'Pensioners Could Drive Tubes During Strikes'

London Assembly Member says retired drivers could keep network running

Recently retired tube workers, such as drivers, signallers and station staff, could prop up the Underground during industrial action, according to GLA Conservative Richard Tracey.

Mr Tracey said, “It’s Londoners who will yet again suffer on their way to work, and businesses will be hit to the tune of £300m a day. It’s time to establish a pool of relief staff, much like London Fire Brigade’s current strike contingency. This means we’ll always have a core service even on strike days, and it could be run by retired staff like the fire brigade. It’s an insurance policy for Londoners and the Mayor needs to make it happen.”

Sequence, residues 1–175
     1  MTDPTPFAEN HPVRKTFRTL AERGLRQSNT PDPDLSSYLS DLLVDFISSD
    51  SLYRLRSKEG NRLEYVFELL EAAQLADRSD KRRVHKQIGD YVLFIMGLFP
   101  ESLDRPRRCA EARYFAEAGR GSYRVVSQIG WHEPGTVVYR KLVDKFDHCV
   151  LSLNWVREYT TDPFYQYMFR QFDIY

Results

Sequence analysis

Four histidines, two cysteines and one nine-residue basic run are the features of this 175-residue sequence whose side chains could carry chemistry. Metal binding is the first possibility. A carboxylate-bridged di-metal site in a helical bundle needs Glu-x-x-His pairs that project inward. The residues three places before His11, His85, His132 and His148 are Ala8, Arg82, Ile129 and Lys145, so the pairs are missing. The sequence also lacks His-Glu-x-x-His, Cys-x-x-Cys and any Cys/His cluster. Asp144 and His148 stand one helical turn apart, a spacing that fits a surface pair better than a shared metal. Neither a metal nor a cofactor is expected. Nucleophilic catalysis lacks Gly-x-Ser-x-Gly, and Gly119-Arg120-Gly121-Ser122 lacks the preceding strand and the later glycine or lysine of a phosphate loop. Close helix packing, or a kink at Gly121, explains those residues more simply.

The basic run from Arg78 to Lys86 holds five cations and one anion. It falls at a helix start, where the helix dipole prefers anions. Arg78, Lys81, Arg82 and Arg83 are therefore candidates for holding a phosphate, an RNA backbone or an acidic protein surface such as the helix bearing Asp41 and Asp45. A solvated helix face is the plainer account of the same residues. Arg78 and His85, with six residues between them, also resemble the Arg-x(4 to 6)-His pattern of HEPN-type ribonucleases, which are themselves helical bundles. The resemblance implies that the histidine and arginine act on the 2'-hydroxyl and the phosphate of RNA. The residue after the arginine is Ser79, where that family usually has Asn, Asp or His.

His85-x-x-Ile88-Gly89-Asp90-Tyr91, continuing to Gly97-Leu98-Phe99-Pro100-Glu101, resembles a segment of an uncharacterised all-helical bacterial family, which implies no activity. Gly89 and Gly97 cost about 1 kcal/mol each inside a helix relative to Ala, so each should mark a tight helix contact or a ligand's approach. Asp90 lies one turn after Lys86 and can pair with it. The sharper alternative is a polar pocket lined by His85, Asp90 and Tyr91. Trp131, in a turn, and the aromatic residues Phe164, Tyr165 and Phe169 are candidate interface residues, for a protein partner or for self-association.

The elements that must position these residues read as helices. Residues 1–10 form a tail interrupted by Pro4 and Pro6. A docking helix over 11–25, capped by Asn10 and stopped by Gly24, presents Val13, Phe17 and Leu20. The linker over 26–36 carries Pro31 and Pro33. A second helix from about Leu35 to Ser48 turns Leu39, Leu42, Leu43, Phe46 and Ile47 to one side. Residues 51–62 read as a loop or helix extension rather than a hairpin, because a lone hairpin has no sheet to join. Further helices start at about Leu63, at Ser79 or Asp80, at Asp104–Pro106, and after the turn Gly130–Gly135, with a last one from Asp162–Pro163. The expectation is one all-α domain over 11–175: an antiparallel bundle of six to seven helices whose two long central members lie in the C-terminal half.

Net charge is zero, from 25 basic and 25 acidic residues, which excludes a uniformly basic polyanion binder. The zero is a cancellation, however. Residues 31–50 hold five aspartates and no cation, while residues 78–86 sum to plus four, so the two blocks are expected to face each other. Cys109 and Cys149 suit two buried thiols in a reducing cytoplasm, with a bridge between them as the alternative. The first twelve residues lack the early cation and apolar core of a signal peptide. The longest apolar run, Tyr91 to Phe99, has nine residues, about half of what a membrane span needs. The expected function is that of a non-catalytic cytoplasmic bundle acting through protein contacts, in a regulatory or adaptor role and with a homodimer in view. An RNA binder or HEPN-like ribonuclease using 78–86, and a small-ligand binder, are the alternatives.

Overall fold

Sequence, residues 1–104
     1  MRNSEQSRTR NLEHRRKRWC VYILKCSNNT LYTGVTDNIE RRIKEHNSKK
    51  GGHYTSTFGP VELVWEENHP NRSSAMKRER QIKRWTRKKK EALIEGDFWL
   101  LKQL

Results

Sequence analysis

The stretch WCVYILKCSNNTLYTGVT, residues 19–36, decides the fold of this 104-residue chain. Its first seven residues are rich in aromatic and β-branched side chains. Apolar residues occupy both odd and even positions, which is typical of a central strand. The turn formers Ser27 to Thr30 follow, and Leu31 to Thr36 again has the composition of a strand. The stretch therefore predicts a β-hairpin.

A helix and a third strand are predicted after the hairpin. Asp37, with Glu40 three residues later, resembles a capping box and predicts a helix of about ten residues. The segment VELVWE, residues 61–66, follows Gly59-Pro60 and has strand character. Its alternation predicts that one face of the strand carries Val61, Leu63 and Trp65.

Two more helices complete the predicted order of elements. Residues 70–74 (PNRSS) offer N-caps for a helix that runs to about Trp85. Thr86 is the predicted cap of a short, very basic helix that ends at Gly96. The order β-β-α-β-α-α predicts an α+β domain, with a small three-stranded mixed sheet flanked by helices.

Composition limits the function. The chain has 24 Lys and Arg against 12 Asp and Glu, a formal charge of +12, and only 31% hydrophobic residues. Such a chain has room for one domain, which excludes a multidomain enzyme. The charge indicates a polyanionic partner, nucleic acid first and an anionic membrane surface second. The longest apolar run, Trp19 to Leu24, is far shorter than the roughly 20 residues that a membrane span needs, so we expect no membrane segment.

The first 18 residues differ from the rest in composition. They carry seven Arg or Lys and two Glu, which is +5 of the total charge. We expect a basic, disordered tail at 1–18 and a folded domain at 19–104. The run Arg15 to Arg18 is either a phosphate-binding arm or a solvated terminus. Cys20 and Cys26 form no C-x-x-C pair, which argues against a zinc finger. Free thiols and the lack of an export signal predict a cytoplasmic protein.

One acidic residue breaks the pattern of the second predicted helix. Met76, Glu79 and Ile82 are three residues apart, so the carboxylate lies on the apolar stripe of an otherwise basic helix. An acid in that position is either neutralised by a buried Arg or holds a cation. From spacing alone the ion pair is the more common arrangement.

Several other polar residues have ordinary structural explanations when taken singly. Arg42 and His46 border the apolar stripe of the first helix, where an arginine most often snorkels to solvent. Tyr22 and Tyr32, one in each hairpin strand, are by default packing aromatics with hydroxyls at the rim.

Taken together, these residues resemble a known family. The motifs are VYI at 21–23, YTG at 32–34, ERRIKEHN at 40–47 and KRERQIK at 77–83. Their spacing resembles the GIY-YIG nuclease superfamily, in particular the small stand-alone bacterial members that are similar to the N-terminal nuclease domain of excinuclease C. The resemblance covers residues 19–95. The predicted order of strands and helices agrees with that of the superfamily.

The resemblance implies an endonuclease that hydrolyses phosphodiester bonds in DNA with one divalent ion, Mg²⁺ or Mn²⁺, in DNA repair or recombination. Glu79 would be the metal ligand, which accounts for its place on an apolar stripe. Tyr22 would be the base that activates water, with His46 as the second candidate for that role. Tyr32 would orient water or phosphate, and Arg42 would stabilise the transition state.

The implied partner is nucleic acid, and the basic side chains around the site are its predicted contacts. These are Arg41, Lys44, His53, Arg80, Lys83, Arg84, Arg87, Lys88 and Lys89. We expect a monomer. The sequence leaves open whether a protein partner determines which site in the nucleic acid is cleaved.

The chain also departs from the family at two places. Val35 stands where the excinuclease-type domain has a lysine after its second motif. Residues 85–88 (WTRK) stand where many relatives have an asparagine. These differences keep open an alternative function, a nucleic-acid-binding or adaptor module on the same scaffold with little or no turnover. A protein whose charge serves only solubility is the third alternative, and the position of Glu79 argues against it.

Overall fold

The London Fire Brigade has a 'contingency arrangement'. The external contractor covers all training, HR, transportation etc. and are paid an annual retainer. The tube could follow this model according to Mr Tracey.

New figures obtained from Transport for London (TfL) show 364 tube drivers alone have retired in the last five years - a small number of them could run a core service, and be paid the wages which the striking staff would have received.

Currently a tube driver can retire as early as 50 and will receive a full pension if they retire at 60. There is no obligation for a driver to retire once they reach the age of 65.

We asked TfL for a comment on the proposal but have yet to receive a reply.


August 6, 2015